The news of my retirement has been greatly exaggerated! (My apology to Mark Twain for twisting his words.). Several weeks again my Facebook was flooded, based on a post from my longtime friend, Debby M, who wrote a moving piece about my 20-year, service on a suburban governing board. Lots os folk responded with emojis and comments offering congratulations about my retirement. While I was most grateful for their commentary, I’m not crawling off into a quarantine cocoon. As long as I have an ounce of sense, I will continue to advocate for public education and for children.
Certainly, public education has been turned upside since March when school buildings across the country were ordered closed, and teachers could no longer deliver in-person instruction. Though I’m far from being a Pollyanna, in many ways public education has been forced into the 21st Century in new and exciting ways. Hybrid models allow for a myriad of new innovation and project-driven instruction.
Yet, many of our children have suffered from lack of supervision, technological devices, and self-motivation. Further, humans are people people. They are deprived of birthday parties, play ground games, hanging out at a fast food restaurant, school activities, and even graduation ceremonies. The divide between the haves and have nots has widened. Pre-K through third graders are severely at risk since they need an excellent teacher’s assistance and guidance to learn to read, write, and cipher.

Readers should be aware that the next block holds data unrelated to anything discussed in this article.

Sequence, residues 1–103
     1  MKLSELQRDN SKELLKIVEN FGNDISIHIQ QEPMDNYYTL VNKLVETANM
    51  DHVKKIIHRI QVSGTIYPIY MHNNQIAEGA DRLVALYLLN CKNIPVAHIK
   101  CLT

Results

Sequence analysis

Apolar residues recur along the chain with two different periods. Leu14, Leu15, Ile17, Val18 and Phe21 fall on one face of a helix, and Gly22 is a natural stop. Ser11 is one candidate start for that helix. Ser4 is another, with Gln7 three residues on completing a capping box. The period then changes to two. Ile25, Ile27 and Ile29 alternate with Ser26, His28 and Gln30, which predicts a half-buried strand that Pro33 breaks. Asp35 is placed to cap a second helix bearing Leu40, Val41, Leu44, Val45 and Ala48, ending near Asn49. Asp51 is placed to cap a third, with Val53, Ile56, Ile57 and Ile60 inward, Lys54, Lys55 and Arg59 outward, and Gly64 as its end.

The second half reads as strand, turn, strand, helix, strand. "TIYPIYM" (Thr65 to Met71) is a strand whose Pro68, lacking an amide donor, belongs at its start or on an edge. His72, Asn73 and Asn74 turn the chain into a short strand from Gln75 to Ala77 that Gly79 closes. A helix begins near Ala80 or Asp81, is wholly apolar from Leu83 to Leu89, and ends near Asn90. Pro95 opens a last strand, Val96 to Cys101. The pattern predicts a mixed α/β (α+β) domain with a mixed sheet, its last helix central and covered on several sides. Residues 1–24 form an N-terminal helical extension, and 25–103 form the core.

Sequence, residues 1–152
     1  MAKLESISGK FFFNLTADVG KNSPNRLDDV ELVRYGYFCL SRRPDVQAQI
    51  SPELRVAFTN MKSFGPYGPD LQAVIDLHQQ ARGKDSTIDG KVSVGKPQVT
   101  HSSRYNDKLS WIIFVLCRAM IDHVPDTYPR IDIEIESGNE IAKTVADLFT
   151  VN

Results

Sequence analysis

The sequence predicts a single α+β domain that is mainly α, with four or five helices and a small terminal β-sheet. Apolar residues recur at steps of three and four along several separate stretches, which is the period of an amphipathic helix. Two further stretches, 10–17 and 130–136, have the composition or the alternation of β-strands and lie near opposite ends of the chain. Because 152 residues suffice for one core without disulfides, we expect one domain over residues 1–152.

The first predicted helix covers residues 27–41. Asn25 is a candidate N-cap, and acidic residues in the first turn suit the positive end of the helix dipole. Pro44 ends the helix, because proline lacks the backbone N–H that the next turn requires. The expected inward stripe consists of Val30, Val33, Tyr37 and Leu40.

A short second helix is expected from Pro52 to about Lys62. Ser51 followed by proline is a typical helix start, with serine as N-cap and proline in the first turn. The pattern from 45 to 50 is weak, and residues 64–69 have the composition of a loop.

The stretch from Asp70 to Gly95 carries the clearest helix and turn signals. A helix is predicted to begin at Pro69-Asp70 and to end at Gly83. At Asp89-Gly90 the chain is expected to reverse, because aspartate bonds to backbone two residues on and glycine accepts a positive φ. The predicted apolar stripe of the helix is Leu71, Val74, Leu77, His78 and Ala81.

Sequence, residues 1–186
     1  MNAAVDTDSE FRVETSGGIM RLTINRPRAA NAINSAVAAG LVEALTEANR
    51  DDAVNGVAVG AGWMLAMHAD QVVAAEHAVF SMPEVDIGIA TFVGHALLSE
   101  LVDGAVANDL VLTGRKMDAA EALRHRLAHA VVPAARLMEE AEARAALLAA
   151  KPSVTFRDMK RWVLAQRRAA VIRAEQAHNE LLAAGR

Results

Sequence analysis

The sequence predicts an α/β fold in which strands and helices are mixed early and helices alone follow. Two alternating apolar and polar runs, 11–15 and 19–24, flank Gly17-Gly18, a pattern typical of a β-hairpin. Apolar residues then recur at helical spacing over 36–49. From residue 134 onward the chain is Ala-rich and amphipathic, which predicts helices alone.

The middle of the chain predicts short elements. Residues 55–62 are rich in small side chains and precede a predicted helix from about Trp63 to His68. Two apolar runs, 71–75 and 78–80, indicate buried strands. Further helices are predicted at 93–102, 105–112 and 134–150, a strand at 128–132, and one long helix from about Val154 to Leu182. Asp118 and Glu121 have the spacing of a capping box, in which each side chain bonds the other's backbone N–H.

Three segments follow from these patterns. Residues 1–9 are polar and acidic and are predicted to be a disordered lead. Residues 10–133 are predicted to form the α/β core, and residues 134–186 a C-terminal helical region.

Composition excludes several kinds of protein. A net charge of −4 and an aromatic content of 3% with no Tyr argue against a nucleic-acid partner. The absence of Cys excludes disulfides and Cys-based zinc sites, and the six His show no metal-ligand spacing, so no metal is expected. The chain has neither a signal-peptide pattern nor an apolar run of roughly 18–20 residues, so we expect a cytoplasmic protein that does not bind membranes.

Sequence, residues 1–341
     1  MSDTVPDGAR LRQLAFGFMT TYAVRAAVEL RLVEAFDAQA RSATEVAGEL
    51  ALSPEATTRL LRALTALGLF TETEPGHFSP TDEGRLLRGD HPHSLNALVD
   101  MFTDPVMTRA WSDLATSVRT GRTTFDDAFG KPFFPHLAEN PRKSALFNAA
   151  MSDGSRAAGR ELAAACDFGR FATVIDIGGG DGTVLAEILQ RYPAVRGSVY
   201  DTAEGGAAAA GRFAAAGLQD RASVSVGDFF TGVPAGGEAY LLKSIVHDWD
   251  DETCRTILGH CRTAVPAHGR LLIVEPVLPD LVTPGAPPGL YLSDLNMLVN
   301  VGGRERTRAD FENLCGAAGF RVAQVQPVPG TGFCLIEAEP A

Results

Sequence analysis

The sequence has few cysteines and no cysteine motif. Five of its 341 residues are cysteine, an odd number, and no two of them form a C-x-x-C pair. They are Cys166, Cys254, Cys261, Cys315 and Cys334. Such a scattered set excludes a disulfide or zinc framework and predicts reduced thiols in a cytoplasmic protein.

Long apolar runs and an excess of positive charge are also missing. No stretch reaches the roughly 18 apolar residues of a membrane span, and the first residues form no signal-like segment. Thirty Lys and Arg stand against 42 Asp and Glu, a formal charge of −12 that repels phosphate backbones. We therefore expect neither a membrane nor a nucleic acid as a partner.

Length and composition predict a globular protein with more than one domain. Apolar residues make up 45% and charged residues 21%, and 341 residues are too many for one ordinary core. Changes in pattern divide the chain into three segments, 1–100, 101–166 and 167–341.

So what can I do? I can’t just walk away from my 50-year, professional career. I will vote for school issues. I will lobby the legislature for increased services to bring the “left behind” to grade level. If the pandemic can be controlled by summer, FREE, universal summer school should be instituted. And yes, I will put my money where my mouth is.
Finally, when this COVID mess is over, my dream is to institute a mentorship program for middle-hi students in my ‘hood. Thank-you all for the accolades, but news of my retirement has, indeed, been greatly exaggerated.